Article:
Gregg Culver is currently serving as Interim Professor for Economic Geography at the University of Würzburg, during which he is on leave from his position as a research associate at Heidelberg University in the Geography Department as well as the Heidelberg Center for American Studies. His thematic research focus is the spaces and politics of urban mobility, with a special emphasis on the United States, particularly the United States rust belt. He joined Prof. Dr. Ulrike Gerhard’s work group in Heidelberg in 2014, where he has worked as postdoctoral research associate, and served alongside Dr. Editha Marquardt as Interim Professor for Human Geography of North American in the Winter Semester of 2016-2017. His academic career is particularly shaped by transatlantic experiences: Gregg obtained a Bachelor degree from the Indiana University of Pennsylvania, gained a Master of Science at the Free University of Berlin and received his PhD at University of Wisconsin-Milwaukee. He is now pursuing his second book (Habilitation) at Heidelberg University, funded by the German Research Foundation (Deutsche Forschungsgemeinschaft).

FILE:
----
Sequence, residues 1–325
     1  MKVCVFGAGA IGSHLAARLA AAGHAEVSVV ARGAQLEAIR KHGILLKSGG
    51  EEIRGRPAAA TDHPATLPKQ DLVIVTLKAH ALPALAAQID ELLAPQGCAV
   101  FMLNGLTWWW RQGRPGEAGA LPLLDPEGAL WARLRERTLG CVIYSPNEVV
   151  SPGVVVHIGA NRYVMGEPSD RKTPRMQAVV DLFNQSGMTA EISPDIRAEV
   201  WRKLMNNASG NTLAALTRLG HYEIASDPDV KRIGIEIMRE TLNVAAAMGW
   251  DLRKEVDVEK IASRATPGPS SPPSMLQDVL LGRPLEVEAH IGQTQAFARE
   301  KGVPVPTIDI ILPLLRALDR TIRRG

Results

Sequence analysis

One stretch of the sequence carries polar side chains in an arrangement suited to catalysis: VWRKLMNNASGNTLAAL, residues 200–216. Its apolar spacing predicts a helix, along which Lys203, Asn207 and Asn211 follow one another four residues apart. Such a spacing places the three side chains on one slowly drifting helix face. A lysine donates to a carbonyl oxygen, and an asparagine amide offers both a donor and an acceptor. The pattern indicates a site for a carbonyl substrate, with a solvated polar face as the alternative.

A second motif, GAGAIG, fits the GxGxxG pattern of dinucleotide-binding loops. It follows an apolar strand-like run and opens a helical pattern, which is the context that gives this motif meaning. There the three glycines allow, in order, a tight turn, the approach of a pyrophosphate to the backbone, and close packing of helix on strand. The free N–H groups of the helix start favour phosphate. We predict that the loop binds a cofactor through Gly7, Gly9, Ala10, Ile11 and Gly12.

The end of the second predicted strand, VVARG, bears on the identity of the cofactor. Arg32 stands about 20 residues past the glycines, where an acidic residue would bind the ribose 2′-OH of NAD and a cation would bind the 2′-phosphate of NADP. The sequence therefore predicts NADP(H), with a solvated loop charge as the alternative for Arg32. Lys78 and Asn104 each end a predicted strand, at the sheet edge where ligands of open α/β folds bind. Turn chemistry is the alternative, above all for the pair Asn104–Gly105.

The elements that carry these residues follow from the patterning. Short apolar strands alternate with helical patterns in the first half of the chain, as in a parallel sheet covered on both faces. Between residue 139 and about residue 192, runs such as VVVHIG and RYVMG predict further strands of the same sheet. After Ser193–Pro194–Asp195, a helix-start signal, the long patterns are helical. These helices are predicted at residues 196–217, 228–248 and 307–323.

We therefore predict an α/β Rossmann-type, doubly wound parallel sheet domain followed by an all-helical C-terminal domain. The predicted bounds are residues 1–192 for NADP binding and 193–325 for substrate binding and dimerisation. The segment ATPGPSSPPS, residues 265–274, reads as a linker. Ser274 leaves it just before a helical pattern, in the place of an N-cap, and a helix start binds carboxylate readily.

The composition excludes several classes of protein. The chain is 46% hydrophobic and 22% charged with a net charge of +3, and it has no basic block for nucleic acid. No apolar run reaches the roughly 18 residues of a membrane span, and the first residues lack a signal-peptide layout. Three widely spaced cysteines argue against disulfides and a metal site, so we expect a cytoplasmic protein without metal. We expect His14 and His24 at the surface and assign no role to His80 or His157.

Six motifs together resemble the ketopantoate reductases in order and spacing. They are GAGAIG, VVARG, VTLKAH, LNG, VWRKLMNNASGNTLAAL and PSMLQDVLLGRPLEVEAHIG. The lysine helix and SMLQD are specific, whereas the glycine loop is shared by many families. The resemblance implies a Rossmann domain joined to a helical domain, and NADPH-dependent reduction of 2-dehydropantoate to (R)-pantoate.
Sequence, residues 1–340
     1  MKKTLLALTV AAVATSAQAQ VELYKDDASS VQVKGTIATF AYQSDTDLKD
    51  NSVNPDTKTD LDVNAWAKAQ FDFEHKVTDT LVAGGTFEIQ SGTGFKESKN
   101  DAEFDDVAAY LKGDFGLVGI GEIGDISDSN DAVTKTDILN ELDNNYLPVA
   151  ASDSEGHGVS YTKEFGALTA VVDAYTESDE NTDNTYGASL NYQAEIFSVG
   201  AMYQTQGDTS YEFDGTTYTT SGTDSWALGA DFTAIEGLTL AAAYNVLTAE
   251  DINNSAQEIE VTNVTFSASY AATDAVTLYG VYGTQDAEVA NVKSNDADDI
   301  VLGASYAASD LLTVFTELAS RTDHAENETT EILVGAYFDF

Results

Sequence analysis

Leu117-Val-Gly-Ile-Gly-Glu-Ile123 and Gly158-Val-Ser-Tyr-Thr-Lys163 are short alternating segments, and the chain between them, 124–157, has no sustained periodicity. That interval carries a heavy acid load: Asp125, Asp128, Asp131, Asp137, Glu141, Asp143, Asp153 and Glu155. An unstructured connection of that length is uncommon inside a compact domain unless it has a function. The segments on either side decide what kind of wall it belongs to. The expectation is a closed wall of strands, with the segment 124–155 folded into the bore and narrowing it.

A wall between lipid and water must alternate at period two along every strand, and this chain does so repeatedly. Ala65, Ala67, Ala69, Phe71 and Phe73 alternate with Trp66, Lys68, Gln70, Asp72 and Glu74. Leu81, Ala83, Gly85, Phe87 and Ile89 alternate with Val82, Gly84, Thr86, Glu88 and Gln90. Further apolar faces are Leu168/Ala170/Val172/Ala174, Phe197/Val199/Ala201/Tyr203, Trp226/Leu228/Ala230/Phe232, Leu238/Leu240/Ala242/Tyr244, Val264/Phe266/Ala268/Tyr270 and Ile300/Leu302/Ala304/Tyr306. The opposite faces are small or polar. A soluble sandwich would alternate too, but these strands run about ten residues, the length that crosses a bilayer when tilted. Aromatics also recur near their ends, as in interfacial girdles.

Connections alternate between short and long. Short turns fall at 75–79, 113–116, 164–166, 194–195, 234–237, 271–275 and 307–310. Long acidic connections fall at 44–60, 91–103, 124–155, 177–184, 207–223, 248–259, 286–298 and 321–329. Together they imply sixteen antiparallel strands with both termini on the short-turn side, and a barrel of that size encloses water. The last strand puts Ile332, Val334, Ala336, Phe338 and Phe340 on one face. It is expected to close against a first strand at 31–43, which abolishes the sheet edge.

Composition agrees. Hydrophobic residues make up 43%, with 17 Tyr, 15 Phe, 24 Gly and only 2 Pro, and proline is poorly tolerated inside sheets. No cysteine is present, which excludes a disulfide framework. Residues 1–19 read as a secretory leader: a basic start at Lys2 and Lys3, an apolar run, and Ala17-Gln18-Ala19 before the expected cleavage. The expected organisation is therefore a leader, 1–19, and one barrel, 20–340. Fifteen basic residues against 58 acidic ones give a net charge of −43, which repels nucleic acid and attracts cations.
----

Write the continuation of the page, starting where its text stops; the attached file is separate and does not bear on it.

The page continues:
His Habilitation research project, Neoliberal Urban Restructuring and its Contestations: Toward a New Framework for Research in Urban Mobility Politics, seeks to examine how urban mobility politics in US cities are being (re)shaped in the context of the recent political upheaval and a (from both left and right) contested neoliberalism. It also contributes toward understanding social justice not only in regard to the socio-economic related social justice implications of a neoliberal restructuring of urban transport, but also to consider the larger picture of how socio-economic, spatial and biophysical social injustices are bound up within the realm of daily public transit, auto-, and vélo-mobilities.
His recent publications have appeared in ACME: An International Journal of Critical Geographies, Applied Mobilities, Geographische Rundschau, and Journal of Transport Geography.